Regulator wants cash back from IEC workers
Despite concerns that the IEC reform may be derailed, the Director of Wages says employees must repay irregular supplements.
Amsalem's demand comes just as a historic agreement for reform at IEC seemed at hand. The government committee appointed by the minister of finance and the minister of national infrastructures and chaired by Ori Yogev has held a series of intensive meetings in recent weeks to draw up a proposed agreement. In early October, the committee heard the IEC workers committee's position on the reform. Amsalem is a committee member.
Ministry of Finance sources told "Globes" that Amsalem's demand was separate and unrelated to the government's steps to reach an agreement with IEC workers on the utility's reform. A source said, "The decision was made following clarifications which took a long time." The ministry declined to comment to a question from "Globes" whether the decision was coordinated with the Yogev Committee or other ministry officials.
IEC said in response, "IEC has received the Director of Wages' letter and is studying it. To the best of the company's understanding, employee wages will be included in the Yogev Committee's discussions on the reform of the electricity market. From our perspective, unilateral steps during the negotiations are mistaken and astonishing acts."
For two years, Amsalem has been examining the legality of the prevailing pay supplements at IEC. Under the Basic Law: Budget, all pay hikes since 1980 require the Director of Wages' approval. IEC claims that most of the prevailing pay supplements at the company are historical and therefore do not require the Director of Wages' permission.
In early 2012, Deputy Director of Wages Shmuel Nachmani announced that a series of pay supplements for IEC employees over the years were apparently irregular. The letter infuriated IEC's employees, and the workers committee froze negotiations on the IEC reform. Ministry of Finance sources admitted that Nachmani's statement had not been coordinated with the reform process, and caused great damage.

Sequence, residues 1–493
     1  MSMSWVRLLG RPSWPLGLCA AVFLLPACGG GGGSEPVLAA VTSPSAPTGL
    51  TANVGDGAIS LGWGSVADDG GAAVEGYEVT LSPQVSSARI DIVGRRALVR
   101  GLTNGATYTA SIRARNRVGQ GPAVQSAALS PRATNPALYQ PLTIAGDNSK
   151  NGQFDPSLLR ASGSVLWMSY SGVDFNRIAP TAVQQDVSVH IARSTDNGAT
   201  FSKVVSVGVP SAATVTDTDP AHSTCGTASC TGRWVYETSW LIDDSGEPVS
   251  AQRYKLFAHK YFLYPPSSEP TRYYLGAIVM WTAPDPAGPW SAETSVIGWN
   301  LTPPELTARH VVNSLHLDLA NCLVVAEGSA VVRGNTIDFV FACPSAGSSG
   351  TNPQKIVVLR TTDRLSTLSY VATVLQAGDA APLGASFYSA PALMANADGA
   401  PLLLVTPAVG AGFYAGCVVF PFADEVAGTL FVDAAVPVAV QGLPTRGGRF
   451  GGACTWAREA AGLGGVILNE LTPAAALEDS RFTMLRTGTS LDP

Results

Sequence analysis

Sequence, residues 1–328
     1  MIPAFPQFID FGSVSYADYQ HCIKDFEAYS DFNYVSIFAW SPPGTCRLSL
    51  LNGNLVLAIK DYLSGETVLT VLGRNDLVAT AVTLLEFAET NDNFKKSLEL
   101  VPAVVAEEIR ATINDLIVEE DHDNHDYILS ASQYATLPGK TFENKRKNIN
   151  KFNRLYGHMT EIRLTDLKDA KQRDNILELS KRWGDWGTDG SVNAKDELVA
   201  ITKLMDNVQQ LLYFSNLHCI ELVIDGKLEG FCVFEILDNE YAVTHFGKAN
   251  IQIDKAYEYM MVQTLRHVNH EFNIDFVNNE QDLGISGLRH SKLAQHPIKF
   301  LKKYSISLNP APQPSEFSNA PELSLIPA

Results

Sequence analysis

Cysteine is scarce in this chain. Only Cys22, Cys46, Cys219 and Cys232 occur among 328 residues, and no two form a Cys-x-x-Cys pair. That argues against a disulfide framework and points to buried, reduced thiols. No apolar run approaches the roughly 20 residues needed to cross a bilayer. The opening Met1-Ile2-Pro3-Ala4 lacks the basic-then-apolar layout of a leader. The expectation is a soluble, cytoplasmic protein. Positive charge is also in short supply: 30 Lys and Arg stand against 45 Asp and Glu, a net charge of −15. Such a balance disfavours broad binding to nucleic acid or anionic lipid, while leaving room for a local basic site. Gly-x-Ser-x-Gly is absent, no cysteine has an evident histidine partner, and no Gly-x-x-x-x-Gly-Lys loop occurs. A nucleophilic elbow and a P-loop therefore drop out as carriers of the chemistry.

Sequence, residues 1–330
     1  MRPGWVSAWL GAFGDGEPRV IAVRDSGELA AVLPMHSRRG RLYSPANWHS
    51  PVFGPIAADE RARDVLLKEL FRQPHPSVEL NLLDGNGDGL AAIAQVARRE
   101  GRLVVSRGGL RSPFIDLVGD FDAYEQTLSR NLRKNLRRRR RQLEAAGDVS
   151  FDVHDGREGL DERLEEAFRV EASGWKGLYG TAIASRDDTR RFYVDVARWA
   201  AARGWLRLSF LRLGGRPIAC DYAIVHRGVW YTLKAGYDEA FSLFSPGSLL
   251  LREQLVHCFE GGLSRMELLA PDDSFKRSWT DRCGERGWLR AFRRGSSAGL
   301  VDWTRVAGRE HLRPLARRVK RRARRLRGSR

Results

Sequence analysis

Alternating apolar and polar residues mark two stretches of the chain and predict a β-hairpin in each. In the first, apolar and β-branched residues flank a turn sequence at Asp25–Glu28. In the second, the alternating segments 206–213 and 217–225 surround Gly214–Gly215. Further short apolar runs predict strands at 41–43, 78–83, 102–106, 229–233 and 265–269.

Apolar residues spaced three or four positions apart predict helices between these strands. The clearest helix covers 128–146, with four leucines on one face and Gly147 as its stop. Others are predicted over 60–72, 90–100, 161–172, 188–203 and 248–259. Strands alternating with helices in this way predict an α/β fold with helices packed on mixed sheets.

In his decision last week, Amsalem rejected most of the IEC workers committee's explanations, and decided to void the pay supplements from this point forward. But he was not satisfied with this, and announced that he will demand the IEC employees should repay some of the irregular supplements received since October 1, 2010. He will also demand that IEC pensioners should repay irregular payments received since October 1, 2011.
At the heart of Amsalem's decision is the extra pay known as the "supervisory supplement": a supplement originally intended to compensate IEC managers, and which is now paid to 9,000 of IEC's 13,000 employees and to 4,000 pensioners.
Amselem concluded that the supervisory supplement was an irregular pay hike, except for the raises paid to division heads and their deputies, in the amount of 5.5-6.5% of the their salaries. His decision means that, from now on, the supplement will be limited to IEC employees in managerial posts. In addition, the supplement received by top IEC executives has been reduced. These employees, who receive a supervisory supplement of 18-26% of their salaries, will from now receive a supplement of 12.5%. But, as mentioned, Amsalem is not satisfied with this, and is demanding that IEC employees should repay the supplements illegally received since October 2010 (employees) and October 2011 (pensioners).
Nachmani listed other irregular pay supplements in his letter: automatic recognition of overtime for employees outside IEC facilities, and increased meals and lodging and other expenses.
Published by Globes [online], Israel business news - www.globes-online.com - on October 13, 2013
© Copyright of Globes Publisher Itonut (1983) Ltd. 2013
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